McCorvey never had an abortion, delivering a girl that she gave up for adoption. But the landmark decision she championed proved a critical - but far from final - chapter in the great abortion debate.
On January 22, 1973, the Supreme Court declared unconstitutional, by a 7-2 vote, a Texas law prohibiting abortion except for the purpose of saving a woman's life.
What the Supreme Court said, in simple terms, is that women have a constitutional right to privacy to make decisions about whether to have an abortion. Because this decision involves moral as well as medical considerations, the Court ruled, a woman has the right to consider her personal circumstances and the dictates of her conscience.
"Abortion raises moral and spiritual questions over which honorable persons can disagree sincerely and profoundly. But those disagreements did not then and do not now relieve us of our duty to apply the Constitution faithfully," said Associate Justice Harry Blackmun in the majority opinion.
Honorable persons - as well as nefarious scoundrels dressed in religious garb - have, in fact, disagreed both "sincerely and profoundly".
"Family values" they call it - a term they like to pull out and apply 'liberally' (/sarcasm) in opposition to everything from Reproductive Rights to Marriage Equality.
Can you say, "hypocrite"?
More than 1,000 bills were introduced in state legislatures, including the Ohio “heartbeat” bill banning abortion after the 6th or 7th week of gestation, and numerous bills requiring pregnant women to have ultrasounds.
In 2011, ninety-two (92!!!!) anti-abortion provisions were enacted – the most in any year since Roe v. Wade was decided!
In the U.S. House of Representatives, radical and repressive legislation was introduced, including the “Protect Life Act” which would allow hospitals to let a pregnant woman die rather than provide her services (see also 'hypocrite' above)It is not a coincidence that these efforts come at a time when there is a Black man in the White House, and an 'uppity' former First Lady as Secretary of State.
Lawmakers also launched a full-scale effort to defund clinics that provide reproductive health services, including Planned Parenthood clinics, where thousands of low-income women and children benefit from health programs on contraception, sexually transmitted diseases and more.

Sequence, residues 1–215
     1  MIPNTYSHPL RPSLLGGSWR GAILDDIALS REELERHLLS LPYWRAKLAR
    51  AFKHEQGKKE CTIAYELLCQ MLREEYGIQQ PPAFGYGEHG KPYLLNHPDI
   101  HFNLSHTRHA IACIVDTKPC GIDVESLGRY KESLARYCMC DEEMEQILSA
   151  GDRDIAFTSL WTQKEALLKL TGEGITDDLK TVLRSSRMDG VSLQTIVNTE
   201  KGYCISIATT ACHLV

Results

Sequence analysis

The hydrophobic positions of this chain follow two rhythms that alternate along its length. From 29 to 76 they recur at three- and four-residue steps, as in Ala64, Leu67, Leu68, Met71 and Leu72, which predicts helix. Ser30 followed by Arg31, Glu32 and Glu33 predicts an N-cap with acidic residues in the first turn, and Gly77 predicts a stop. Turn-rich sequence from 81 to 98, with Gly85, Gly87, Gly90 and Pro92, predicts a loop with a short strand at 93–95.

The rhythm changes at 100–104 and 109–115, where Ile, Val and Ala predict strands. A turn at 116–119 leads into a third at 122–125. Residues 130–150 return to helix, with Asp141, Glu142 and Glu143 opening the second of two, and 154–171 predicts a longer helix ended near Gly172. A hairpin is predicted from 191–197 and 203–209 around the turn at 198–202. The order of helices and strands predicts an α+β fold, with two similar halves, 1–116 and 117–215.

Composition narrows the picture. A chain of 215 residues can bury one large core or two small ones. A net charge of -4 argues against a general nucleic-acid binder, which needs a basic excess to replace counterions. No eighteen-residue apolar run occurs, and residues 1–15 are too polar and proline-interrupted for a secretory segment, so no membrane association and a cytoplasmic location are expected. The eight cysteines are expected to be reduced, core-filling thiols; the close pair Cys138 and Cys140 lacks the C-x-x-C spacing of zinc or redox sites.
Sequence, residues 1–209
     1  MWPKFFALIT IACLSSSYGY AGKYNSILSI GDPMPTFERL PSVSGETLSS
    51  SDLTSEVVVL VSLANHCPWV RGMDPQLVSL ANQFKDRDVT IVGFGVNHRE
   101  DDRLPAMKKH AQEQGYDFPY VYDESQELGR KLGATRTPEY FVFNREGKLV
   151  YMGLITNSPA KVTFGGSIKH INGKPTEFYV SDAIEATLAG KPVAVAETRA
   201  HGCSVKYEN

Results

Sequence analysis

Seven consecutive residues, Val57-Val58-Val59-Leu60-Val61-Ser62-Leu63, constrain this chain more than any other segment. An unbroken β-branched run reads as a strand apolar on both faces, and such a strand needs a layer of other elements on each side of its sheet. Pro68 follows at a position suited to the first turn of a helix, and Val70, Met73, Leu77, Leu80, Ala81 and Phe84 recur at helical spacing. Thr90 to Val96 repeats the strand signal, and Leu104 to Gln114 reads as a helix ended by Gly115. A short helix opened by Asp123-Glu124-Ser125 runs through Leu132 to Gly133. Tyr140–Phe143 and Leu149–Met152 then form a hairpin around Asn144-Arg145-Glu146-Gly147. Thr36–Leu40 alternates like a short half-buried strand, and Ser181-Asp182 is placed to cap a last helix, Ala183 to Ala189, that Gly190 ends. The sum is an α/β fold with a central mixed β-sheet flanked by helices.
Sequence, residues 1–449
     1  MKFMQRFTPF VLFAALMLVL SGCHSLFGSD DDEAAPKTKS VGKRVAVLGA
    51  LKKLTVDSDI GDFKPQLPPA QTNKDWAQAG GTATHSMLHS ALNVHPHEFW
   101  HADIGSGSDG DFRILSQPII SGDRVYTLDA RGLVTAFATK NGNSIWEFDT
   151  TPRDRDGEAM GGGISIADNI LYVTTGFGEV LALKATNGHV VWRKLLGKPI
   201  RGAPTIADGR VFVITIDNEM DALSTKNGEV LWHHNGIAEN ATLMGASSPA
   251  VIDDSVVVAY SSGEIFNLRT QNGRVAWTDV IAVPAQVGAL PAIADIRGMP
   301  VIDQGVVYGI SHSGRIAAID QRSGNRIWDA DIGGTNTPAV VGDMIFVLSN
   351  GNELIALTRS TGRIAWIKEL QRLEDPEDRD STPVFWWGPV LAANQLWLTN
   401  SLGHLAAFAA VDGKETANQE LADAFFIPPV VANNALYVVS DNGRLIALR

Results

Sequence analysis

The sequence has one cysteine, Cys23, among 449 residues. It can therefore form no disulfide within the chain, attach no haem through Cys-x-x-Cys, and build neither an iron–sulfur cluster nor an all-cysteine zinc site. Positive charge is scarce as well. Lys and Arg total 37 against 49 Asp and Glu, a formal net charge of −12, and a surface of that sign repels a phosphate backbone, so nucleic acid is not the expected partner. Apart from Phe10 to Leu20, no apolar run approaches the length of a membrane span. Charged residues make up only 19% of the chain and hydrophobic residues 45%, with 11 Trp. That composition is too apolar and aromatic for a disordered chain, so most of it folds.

HHS Secretary Kathleen Sebelius overruled a scientific panel and rejected broader accessibility of emergency contraception on store shelves.
But there were victories last year, too.
Voters in Mississippi defeated by 55% to 45% a personhood amendment that would have conferred legal rights at the moment of fertilization.
The governor of Kentucky refused to permit the merger of a publicly-funded institution with a Catholic health group that would have restricted abortion (even to save a woman’s life), sterilization, contraception and emergency contraception.
Just two days ago, HHS Secretary Sebelius eased our worst fears by reaffirming contraceptive services without co-pays or deductibles in new healthcare legislation, and permitting only a narrow exemption for religious employers.
People have often used scripture as the rationale for their prejudice, bigotry and oppression.
Proponents of "natural law" point to The Bible as the reason that "the way we were" is good enough for "the way it ought to be".
Read: 'Man on top' as the metaphor for the structure of society wherein everyone who isn't White, male, heterosexual and well-monied is in control of everything.
It boggles my mind that there are women - many, many women around the country - who support this position. My only response is to say that either these women don't understand their own potential or, if they do, they have consigned themselves to be underachievers.
Which is their right and their choice. I would never deny them that.
I would only ask for the same right and the same choices for myself and my sisters and our daughters and granddaughters who think differently.
Actually, I'm not asking. I'm insisting on a right that is mine - and, all women - and guaranteed in the Constitution of the United States.
In the 39 years since Roe v. Wade, many things have changed. Many more options are opened to women than have ever been previously available.
Many on 'The Right" are crying, "I want my country back."
Well, as Bill Mahr says, I want my country forward.
Let's try to reduce the number of abortions by reducing the factors that contribute to the reasons women choose abortion, which include but are not limited to poverty, poor education, and inaccessibility to affordable health care.
And, yes, let's keep abortion safe, legal and free from moral scrutiny and religious judgment and government interference.
It's been 39 years since Roe v. Wade. It's time to move the political, religious and cultural battleground somewhere other than a woman's body.
Like, let's say, Congress. Or, the Vatican.
Neither of which I trust with either a choice or a child.